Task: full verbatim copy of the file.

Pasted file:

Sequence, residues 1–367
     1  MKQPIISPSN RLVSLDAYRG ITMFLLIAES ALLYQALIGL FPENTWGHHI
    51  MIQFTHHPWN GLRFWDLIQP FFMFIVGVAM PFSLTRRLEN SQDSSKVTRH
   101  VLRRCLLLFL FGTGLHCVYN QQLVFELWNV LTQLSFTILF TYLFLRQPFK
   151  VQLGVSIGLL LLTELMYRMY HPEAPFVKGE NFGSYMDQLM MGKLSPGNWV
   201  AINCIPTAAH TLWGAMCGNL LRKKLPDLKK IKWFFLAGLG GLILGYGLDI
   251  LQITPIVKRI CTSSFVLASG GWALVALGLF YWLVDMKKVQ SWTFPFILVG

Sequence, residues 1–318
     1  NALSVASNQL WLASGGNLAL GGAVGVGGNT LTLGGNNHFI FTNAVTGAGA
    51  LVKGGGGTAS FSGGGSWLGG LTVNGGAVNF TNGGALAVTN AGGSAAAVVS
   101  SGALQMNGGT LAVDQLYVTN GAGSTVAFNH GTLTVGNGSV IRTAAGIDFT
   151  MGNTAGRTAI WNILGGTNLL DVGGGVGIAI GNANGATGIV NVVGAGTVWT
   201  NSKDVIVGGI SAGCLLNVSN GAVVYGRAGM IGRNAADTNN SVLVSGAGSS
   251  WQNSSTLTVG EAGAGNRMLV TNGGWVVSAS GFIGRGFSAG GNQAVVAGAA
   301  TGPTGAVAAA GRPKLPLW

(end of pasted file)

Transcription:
Sequence, residues 1–367
     1  MKQPIISPSN RLVSLDAYRG ITMFLLIAES ALLYQALIGL FPENTWGHHI
    51  MIQFTHHPWN GLRFWDLIQP FFMFIVGVAM PFSLTRRLEN SQDSSKVTRH
   101  VLRRCLLLFL FGTGLHCVYN QQLVFELWNV LTQLSFTILF TYLFLRQPFK
   151  VQLGVSIGLL LLTELMYRMY HPEAPFVKGE NFGSYMDQLM MGKLSPGNWV
   201  AINCIPTAAH TLWGAMCGNL LRKKLPDLKK IKWFFLAGLG GLILGYGLDI
   251  LQITPIVKRI CTSSFVLASG GWALVALGLF YWLVDMKKVQ SWTFPFILVG

Sequence, residues 1–318
     1  NALSVASNQL WLASGGNLAL GGAVGVGGNT LTLGGNNHFI FTNAVTGAGA
    51  LVKGGGGTAS FSGGGSWLGG LTVNGGAVNF TNGGALAVTN AGGSAAAVVS
   101  SGALQMNGGT LAVDQLYVTN GAGSTVAFNH GTLTVGNGSV IRTAAGIDFT
   151  MGNTAGRTAI WNILGGTNLL DVGGGVGIAI GNANGATGIV NVVGAGTVWT
   201  NSKDVIVGGI SAGCLLNVSN GAVVYGRAGM IGRNAADTNN SVLVSGAGSS
   251  WQNSSTLTVG EAGAGNRMLV TNGGWVVSAS GFIGRGFSAG GNQAVVAGAA
   301  TGPTGAVAAA GRPKLPLW